Wednesday, December 12, 2012
Monday, November 26, 2012
|When Good Engineers Deliver Bad FEA
By: PAUL KUROWSKI
President, Acom Consulting,Toronto, Ontario, Canada (article plugged from http://machinedesign.com/bde/cadcam/bdecad3/bdecad3_5.html)
There is no doubt that finite-element analysis is getting a bigger role in development projects. One reason is that it helps slash expensive prototype testing. The technology is also seen as another way to improve product integrity.
Despite FEA's reputation for accurately pinpointing weak spots in designs, a few faulty assumptions and organizational flaws may render analysis work unusable. For instance, some companies treat FEA as an extension to CAD packages. In fact, it requires specialized training all its own.
To better spot lapses in how companies implement FEA, we've tallied a list of hazards and faulty assumptions. Each of the problems cited can have serious consequences.
What could possibly go wrong?
Most vendors claim their FEA programs are easy to use, implying that almost anybody can become an instant FEA expert. If this is true, why not ask CAD departments to handle FEA, since they already have access to it as a part of their CAD systems? The flaw in this thinking is the assumption that FEA is an extension to CAD.
FEA software is getting easier to use, but structural analysis by FE methods definitely is not an extension to CAD. Similarities between CAD and FEA are superficial, and limited at best to geometry. Proficiency in CAD does not assure expertise in FEA, and someone skilled in running an FEA program is not necessarily a good analyst. CAD operators running FE programs often strive for the most accurate representation of geometry because geometry is the prime focus of drafting. Meshing, element type, loads, supports, error estimation, and result analysis get less attention.
Another rash assumption is that model accuracy equates with precise geometric representation, and that one can assess model quality based on visual appearance. This is reinforced by vendors pushing their CAD-FEA interfaces for "better geometric accuracy and easy meshing". Also, vendor-provided training often focuses on geometry and other easy CAD-like functions.
Unfortunately, FEA is not that easy. Geometric accuracy and impressive color plots do not equate with a good model.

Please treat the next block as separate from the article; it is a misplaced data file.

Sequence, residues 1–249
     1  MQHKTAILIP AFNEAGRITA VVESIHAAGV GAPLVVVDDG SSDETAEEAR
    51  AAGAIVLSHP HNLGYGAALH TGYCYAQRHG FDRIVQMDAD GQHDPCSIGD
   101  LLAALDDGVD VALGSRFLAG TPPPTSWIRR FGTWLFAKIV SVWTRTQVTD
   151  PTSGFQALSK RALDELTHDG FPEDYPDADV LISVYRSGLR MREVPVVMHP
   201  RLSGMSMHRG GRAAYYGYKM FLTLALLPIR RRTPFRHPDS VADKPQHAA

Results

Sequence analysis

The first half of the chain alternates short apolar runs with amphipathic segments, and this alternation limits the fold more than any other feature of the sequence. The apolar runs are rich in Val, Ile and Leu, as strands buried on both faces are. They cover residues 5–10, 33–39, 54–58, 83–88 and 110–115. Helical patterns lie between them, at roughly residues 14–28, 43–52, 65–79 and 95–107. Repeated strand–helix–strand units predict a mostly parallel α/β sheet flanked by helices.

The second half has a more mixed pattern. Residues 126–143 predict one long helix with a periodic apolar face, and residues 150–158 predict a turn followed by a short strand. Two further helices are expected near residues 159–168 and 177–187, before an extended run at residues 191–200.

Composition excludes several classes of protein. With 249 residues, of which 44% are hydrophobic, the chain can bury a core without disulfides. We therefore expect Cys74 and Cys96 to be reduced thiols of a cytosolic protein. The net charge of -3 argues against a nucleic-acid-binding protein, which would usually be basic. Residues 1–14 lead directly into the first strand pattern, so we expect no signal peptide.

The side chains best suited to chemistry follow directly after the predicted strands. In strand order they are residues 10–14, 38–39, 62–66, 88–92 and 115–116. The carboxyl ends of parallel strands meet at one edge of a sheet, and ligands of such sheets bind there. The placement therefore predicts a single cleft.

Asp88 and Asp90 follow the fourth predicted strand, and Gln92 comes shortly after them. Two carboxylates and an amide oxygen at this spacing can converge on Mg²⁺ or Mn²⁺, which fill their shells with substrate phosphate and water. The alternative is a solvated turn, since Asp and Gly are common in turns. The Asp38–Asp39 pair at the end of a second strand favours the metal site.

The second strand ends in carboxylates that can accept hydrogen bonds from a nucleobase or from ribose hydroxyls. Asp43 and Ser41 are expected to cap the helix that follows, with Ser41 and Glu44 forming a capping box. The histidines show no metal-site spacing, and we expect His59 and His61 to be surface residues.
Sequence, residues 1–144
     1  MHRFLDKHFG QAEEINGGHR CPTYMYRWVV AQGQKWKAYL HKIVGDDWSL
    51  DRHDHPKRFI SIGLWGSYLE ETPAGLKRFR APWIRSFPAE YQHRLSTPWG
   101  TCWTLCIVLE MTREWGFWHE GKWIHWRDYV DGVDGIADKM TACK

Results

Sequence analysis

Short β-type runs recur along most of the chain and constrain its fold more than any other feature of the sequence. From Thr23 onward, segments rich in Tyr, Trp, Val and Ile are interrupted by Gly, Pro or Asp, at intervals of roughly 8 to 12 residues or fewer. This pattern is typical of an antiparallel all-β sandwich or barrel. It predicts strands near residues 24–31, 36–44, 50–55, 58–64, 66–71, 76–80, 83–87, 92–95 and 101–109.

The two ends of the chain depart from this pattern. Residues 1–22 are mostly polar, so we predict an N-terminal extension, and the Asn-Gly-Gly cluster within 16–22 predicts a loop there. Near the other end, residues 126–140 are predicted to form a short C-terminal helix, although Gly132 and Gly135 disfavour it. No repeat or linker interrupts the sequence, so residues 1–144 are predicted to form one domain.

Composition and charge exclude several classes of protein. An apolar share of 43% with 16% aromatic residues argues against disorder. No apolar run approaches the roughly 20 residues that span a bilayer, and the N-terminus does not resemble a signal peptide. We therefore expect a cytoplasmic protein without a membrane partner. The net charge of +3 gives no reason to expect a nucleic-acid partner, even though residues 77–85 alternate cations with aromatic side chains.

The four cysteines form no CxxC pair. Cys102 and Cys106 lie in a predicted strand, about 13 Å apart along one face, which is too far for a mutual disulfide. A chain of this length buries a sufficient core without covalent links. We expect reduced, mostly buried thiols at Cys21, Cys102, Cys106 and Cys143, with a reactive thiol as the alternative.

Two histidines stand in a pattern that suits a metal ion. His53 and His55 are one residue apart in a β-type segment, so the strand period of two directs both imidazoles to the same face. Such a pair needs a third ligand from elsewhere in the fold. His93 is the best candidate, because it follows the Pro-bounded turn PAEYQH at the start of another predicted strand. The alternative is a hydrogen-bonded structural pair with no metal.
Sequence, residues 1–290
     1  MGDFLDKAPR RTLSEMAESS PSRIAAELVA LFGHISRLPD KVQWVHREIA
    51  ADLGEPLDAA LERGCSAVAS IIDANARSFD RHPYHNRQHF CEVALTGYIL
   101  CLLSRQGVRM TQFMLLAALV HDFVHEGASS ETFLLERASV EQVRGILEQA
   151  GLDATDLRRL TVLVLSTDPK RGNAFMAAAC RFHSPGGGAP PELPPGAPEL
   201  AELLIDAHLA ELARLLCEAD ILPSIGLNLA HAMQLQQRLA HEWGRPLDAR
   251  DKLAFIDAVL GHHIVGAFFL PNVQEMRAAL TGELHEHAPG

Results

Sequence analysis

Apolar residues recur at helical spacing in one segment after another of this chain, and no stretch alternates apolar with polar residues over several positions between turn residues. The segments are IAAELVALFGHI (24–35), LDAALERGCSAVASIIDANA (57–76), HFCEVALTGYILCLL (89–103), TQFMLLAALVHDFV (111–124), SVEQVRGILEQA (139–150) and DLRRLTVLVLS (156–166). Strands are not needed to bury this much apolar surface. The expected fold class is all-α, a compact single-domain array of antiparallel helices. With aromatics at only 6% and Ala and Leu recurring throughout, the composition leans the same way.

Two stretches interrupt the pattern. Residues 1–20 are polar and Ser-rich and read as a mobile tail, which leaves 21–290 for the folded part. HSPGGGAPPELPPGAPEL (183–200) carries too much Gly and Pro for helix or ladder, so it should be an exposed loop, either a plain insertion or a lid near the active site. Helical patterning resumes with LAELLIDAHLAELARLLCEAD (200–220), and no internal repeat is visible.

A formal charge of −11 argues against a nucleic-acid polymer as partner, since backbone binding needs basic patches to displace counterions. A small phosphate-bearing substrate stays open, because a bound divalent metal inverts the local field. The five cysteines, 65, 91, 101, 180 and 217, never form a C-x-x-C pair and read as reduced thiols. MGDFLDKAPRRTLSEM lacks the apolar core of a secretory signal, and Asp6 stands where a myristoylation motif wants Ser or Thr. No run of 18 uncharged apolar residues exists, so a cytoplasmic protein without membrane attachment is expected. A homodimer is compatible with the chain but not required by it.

|Assigning FEA to engineers lacking product experience....
Assigning FEA to engineers lacking product experience produces another hazard. To produce meaningful FEA results, the analyst must know the principles underlying the finite-element method. The analyst also needs practical experience, a feel for design, and sound engineering judgment. He or she must understand the product as well as its intended work environment. This knowledge is critical for tasks such as deciding which features must be accurately modeled, deleting or simplifying others, determining how to apply loads and restrain the model, analyzing errors, and conveying results back to the designer.
Assigning FEA operations to recent graduates produces other problems. Newcomers may not be comfortable interacting with others and withdraw into an isolated world of computer simulations. This situation does not contribute to the learning process that young engineers need nor does it serve the best interests of the engineering department.
The question persists: Should design engineers perform FEA themselves or should we have specialized FEA personnel? The best approach is to have design engineers run the analysis because they know the product. Design engineers with proper FEA training could perform analysis interactively while designing, as long as they use software intended for this mode of use. Pro/Mechanica (formerly from Rasna Corp. which is now part of Parametric Technology Corp.) is one example of software that integrates well with design work. More complicated analyses, such as nonlinear problems, can still be farmed out but in tight collaboration with the designer.